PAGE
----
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Davis, California

Wednesday, February 21, 2024

Guest opinion: Leading Republican candidates are as bad as they seem

The scrutiny brought on by the arduous campaign process has exposed the flaws of the top contenders for the Republican ticket this coming November, and with good reason; a president needs to express discretion and execute policies that benefit the U.S.

The candidates are disappointing but not as disappointing as their supporters who cheer uninsured deaths, boo gay soldiers and defend racist comments. The candidates aren’t just far from perfect; their values and policies exacerbate the economic and cultural divide that exists today.

Newt Gingrich is an adulterous fool with sensationalist sound bytes for a country that needs a more serious candidate. Starting a colony on the moon during your second term is a grandiose idea, but it’s probably not enough to win over an electorate that speaks “the language of the ghetto.” (Yeah, he actually said that about Spanish.) Not only have Newt Gingrich’s remarks toward the Hispanic community been arrogantly ignorant, but so have his suggestions that children work as janitorial staff or about Americans who can’t marry respect the sanctity of marriage just like he has.

While Ron Paul may have some insightful, albeit draconian, suggestions for U.S. foreign policy, his domestic stance is as woefully disconnected as Mitt Romney’s. Paul’s blind support of states rights could have grave implications for women’s right to choose, and his history of fraternization with white supremacist groups is nothing short of troubling. He appears on the surface to lack hypocrisies, but upon closer examination of his constitutional interpretations regarding the powers granted to states, many of the social liberals that support him would be concerned.

Rick Santorum is consistently homophobic and backward-thinking. His disgraceful attacks on the LGBTQ community should be enough to show that this man lacks the compassion to be a community leader, let alone president. Giving Rick Santorum the benefit of the doubt is akin to his suggestion that rape victims “make the best of a bad situation” and “accept what God has given [them].” Rick Santorum may mean well, but his bigotry is unfitting of a president.

Mitt Romney may be a flip-flopper, but the most distressing thing about his proposed agenda is that it preserves the status quo — the exact policies that lead to our current economic predicament. It doesn’t take a degree in economics to realize that a consumer-driven economy cannot survive with supply-side economics. Rising education costs, foreclosures and layoffs are all that has trickled down since Reagan’s presidency.

We cannot afford to elect a candidate that is “not concerned about the very poor” when the median income in the United States has decreased 1.35 percent since 1997 while the 95th percentile’s income has increased by 5.48 percent. Income inequality is not just a demographic issue; without disposable income in the lower income brackets, demand implodes, making income inequality detrimental to the societal health of the U.S.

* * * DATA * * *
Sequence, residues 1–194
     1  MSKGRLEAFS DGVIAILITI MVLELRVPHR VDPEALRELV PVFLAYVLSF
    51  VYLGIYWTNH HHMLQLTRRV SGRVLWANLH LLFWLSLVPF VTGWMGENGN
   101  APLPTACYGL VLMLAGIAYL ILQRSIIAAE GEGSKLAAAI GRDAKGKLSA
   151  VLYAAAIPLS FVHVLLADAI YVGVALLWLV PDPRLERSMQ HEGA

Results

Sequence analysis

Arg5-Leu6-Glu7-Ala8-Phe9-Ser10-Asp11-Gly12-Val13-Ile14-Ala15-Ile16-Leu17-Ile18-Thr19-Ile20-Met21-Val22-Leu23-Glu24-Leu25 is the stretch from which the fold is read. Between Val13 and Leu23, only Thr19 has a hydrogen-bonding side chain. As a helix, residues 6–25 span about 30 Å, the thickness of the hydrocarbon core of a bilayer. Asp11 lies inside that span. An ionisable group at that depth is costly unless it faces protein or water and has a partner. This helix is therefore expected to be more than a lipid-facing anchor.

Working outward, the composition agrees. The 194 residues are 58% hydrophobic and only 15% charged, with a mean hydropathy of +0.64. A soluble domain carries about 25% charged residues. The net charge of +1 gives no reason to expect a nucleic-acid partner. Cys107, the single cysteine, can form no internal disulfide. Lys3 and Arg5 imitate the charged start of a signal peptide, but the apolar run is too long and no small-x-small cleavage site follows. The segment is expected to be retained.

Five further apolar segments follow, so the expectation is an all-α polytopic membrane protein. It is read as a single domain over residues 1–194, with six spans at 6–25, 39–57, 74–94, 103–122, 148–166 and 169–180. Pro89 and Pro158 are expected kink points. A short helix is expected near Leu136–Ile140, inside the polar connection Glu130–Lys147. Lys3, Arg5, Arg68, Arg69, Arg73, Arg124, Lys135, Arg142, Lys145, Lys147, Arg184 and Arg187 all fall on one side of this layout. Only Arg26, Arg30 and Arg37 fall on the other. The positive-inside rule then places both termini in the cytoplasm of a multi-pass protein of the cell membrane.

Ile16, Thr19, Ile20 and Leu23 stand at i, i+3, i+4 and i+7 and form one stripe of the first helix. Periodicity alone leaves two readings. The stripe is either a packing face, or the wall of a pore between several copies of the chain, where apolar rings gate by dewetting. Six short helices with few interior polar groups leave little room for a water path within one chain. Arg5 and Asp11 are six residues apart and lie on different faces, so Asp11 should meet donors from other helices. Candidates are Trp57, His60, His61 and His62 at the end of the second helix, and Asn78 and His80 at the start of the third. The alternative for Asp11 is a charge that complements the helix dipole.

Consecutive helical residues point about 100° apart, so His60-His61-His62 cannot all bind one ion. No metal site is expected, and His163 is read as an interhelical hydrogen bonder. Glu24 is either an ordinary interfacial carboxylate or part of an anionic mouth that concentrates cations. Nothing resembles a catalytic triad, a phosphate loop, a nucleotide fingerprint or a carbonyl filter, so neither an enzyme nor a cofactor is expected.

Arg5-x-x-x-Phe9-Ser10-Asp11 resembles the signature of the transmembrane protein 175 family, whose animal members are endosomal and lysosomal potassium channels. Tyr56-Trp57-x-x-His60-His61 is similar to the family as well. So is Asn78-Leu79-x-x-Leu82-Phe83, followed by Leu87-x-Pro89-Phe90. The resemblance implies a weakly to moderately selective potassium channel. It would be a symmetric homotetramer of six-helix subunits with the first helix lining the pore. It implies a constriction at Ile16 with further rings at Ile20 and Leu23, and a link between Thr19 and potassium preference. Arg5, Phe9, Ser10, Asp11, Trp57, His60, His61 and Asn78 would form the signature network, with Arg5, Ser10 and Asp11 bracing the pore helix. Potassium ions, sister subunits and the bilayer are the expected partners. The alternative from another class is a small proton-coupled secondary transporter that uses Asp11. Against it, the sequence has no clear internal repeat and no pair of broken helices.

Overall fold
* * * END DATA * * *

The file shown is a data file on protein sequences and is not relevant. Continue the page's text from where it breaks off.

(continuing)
Romney’s economic future is one in which the rich get richer and the poor get poorer. Inequality is an inherent part of our current socioeconomic reality, but we are all supposed to share in the benefits and the sacrifices. Instead, the entirety of the economic hardship of the last 15 years has been endured by the lower classes while the rich have enjoyed relatively vast wealth expansion.

Corrupt beltway legislators obstructed President Obama’s efforts to reverse supply-side economics and increase demand. Instead, Romney’s congressional ideologues continue to support policies that funnel tax dollars into the coffers of the one percent. Not that Obama’s efforts were all effective, but many of his failures on the Hill and around the country can be attributed to poor cabinet and staff appointments.

There is one Republican candidate that doesn’t keep me up at night. While I don’t care much for the Republican narrative, he doesn’t scare me as much as the rest, and a couple of his issues speak to me. Buddy Roemer, the former governor of Louisiana, is refusing to take donations larger than $100 and is using his campaign as a soap box for much-needed campaign finance reform.

More and more, electability depends on wealth and sensationalism. The Obama campaign is expected to spend over $1 billion this election season, and that does not take into account his campaign’s recent backpedal on 501(c)4 “super PAC” non-profits. Buddy Roemer has made the rounds on TV spreading his message and has found some resonance on shows like the Colbert Report.

I know that whomever I vote for this election season, they won’t be supported by Wall Street.


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